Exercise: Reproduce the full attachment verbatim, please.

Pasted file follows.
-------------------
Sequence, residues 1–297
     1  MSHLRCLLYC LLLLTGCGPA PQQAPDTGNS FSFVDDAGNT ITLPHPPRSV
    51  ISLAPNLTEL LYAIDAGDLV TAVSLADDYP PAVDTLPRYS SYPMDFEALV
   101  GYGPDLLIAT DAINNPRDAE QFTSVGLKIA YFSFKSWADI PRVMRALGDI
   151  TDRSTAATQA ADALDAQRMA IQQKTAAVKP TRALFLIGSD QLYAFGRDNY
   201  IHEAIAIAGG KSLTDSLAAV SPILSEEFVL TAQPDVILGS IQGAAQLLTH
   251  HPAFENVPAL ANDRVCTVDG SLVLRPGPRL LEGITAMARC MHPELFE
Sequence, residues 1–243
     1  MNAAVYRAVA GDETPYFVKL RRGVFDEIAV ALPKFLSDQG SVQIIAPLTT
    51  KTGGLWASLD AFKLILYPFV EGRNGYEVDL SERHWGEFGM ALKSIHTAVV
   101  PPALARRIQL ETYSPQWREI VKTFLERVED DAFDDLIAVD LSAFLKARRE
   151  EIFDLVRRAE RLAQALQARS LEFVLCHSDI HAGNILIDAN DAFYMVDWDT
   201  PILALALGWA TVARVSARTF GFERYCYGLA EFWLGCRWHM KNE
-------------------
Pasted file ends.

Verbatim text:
Sequence, residues 1–297
     1  MSHLRCLLYC LLLLTGCGPA PQQAPDTGNS FSFVDDAGNT ITLPHPPRSV
    51  ISLAPNLTEL LYAIDAGDLV TAVSLADDYP PAVDTLPRYS SYPMDFEALV
   101  GYGPDLLIAT DAINNPRDAE QFTSVGLKIA YFSFKSWADI PRVMRALGDI
   151  TDRSTAATQA ADALDAQRMA IQQKTAAVKP TRALFLIGSD QLYAFGRDNY
   201  IHEAIAIAGG KSLTDSLAAV SPILSEEFVL TAQPDVILGS IQGAAQLLTH
   251  HPAFENVPAL ANDRVCTVDG SLVLRPGPRL LEGITAMARC MHPELFE
Sequence, residues 1–243
     1  MNAAVYRAVA GDETPYFVKL RRGVFDEIAV ALPKFLSDQG SVQIIAPLTT
    51  KTGGLWASLD AFKLILYPFV EGRNGYEVDL SERHWGEFGM ALKSIHTAVV
   101  PPALARRIQL ETYSPQWREI VKTFLERVED DAFDDLIAVD LSAFLKARRE
   151  EIFDLVRRAE RLAQALQARS LEFVLCHSDI HAGNILIDAN DAFYMVDWDT
   201  PILALALGWA TVARVSARTF GFERYCYGLA EFWLGCRWHM KNE